A qualitative and quantitative investigation of structural morphology in the neonatal ilium

    Student thesis: Doctoral ThesisDoctor of Philosophy


    Cortical and trabecular bone characteristics can be used to make predictions regarding previous loading regimes and developmental milestones which a bone has encountered. This has led to the suggestion that in the adult pelvis, bone patterning is related to the remodeling forces generated during bipedal locomotion. However, during the neonatal period the pelvic complex is non-load bearing, therefore, structural organisation of the ilium cannot reflect direct stance related forces. This study considers the cortical and trabecular bone structure in the ilium of the fetal and newborn infant, a structural configuration which until now has remained largely neglected in the literature. Only recently, with the advent of imaging modalities, has a greater insight and understanding of previously unexplored human bone structural composition and developing bone structure been made possible. In this study, multiple imaging techniques were applied to establish the optimal modality for application to the assessment of bone microstructure. Plain plate macroradiography and micro-computed tomography were identified as the gold standard imaging modalities for bone structural analysis for respective qualitative and quantitative assessment. These techniques were applied to gain a perspective of bone form from a sample of fetal and neonatal ilia selected from the Scheuer collection of juvenile remains. Initially, qualitative analysis highlighted consistent and well-defined patterns of cortical and trabecular bone organisation within the fetal and neonatal ilium, which corresponded with previously recognised regions in the adult that have been attributed directly to forces associated with bipedal locomotion. This was highly unexpected as the early developmental ilium is non-load bearing. Subsequently, quantification of the neonatal cortical and trabecular structure reinforced radiographic observations by identifying regions of significant architectural arrangement. Further investigation of this precocious patterning led to a revised proposal for the mode of growth in the human ilium during the neonatal developmental period. Analysis revealed statistically significant differences in regional trabecular characteristics and cortical thicknesses which have formed the basis of a proposed growth model for the ilium. The presence of ‘progressive growth regions’ and ‘restricted growth regions’ which appear to relate to metaphyseal and non-metaphyseal borders of the ilium have been demonstrated. Analysis of the early iliac bone pattern is important for understanding the relationship between trabecular bone patterning and cortical bone structure during the earliest stages of development in response to the specific functional forces acting during this period. It is suggested that the seemingly organised rudimentary scaffold observed in the early developmental ilium may be attributable to early ossification patterning, non-weight bearing anatomical interactions or even to a predetermined genetic blueprint. It must also be postulated that whilst the observed patterning may be indicative of a predetermined inherent template, early non-load bearing locomotive influences may subsequently be superimposed upon this scaffolding and perhaps reinforced and likely remodelled at a later age. Ultimately, the analysis of this fundamental primary pattern has core implications for understanding the earliest changes in iliac trabecular architecture and provides a baseline insight into future ontogenetic development and bipedal capabilities. Finally, the structural data and statistical analysis presented challenge the current concept of implied centrifugal ossification within the human ilium and present evidence of an alternative pattern of ossification that is largely dictated and controlled by basic anatomical principles.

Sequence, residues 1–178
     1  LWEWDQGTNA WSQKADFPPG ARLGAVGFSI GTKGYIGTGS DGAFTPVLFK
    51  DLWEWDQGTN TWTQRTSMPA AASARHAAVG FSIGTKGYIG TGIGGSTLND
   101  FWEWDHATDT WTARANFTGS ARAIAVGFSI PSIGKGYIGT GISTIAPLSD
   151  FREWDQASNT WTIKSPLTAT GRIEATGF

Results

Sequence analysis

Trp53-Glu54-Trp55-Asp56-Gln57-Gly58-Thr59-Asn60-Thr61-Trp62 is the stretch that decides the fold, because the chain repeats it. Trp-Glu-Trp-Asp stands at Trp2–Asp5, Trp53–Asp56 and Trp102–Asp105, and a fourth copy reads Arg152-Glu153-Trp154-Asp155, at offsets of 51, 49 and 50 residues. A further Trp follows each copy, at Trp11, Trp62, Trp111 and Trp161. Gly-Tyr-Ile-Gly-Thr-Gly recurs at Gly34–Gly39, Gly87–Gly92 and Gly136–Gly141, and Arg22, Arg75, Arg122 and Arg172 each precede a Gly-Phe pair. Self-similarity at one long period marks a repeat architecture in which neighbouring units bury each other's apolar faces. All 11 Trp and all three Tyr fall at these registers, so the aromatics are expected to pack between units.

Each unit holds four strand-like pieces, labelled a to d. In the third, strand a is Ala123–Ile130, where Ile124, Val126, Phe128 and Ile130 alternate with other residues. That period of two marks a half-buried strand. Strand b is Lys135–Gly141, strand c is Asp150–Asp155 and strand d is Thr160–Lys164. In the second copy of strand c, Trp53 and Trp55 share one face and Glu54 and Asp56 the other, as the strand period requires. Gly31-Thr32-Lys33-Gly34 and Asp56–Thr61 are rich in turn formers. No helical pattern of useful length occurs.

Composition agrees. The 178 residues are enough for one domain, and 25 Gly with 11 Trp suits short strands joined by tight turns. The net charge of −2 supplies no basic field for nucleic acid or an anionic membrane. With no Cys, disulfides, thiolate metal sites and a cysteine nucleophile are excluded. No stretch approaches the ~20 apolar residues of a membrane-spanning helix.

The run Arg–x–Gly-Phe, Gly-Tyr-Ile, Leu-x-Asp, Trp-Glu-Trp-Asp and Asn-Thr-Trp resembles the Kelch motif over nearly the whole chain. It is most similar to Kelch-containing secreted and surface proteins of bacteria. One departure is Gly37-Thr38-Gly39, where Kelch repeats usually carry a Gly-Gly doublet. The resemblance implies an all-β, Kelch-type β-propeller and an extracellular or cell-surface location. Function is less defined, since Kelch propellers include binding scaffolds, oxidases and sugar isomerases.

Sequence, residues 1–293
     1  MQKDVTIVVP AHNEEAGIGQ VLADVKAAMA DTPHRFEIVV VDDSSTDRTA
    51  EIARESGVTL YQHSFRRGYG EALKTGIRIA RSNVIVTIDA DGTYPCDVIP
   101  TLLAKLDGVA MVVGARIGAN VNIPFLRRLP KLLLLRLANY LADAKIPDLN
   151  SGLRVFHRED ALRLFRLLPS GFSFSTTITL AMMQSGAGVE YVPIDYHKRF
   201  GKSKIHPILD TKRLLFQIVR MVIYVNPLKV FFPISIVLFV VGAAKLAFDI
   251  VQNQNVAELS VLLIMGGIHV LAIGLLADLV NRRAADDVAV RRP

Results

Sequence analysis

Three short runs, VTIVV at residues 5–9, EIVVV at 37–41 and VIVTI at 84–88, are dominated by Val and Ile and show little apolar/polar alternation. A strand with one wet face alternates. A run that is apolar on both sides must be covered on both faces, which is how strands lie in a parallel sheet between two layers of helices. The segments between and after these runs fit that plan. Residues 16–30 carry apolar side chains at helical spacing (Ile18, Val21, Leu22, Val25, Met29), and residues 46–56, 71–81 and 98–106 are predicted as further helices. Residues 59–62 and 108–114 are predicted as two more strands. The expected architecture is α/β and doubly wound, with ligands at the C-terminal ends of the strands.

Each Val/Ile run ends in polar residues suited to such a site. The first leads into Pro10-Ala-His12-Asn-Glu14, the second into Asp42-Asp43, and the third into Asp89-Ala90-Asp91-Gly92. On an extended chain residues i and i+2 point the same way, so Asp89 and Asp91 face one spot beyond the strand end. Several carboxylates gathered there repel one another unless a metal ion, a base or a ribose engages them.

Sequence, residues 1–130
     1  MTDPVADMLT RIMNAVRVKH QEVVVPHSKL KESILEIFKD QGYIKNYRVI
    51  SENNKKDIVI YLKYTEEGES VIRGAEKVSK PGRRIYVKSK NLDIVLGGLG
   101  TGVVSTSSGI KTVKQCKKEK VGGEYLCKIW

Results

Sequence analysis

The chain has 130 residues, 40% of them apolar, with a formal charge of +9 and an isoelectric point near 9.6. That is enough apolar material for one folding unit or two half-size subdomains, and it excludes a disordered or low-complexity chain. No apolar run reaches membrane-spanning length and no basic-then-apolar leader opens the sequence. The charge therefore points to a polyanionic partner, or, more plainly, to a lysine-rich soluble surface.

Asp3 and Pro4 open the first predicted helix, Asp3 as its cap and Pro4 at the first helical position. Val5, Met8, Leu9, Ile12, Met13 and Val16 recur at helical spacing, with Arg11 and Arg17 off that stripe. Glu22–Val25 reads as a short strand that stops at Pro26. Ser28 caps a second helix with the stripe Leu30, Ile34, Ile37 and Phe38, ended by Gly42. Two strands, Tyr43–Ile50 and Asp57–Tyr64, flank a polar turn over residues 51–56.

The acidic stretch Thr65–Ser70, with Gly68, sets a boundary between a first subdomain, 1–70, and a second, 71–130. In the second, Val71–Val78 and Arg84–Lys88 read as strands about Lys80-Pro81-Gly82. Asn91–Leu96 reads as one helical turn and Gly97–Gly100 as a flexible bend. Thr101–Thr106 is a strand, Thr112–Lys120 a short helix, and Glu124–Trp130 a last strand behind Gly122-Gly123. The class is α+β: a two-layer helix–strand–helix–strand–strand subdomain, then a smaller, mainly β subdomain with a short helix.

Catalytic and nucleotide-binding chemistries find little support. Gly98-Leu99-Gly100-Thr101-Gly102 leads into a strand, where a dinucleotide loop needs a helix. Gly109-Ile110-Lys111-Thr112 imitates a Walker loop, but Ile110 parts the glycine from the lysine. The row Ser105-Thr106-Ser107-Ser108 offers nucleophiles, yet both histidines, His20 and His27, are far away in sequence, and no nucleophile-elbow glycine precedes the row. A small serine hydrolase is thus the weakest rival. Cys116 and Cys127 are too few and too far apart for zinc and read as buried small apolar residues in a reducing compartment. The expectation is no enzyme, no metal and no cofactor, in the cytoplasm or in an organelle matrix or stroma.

Date of Award2009
    Original languageEnglish
    SponsorsBiotechnology and Biological Sciences Research Council, Leng Charitable Trust & Wenner-Gren Foundation
    SupervisorSue Black (Supervisor)

    Cite this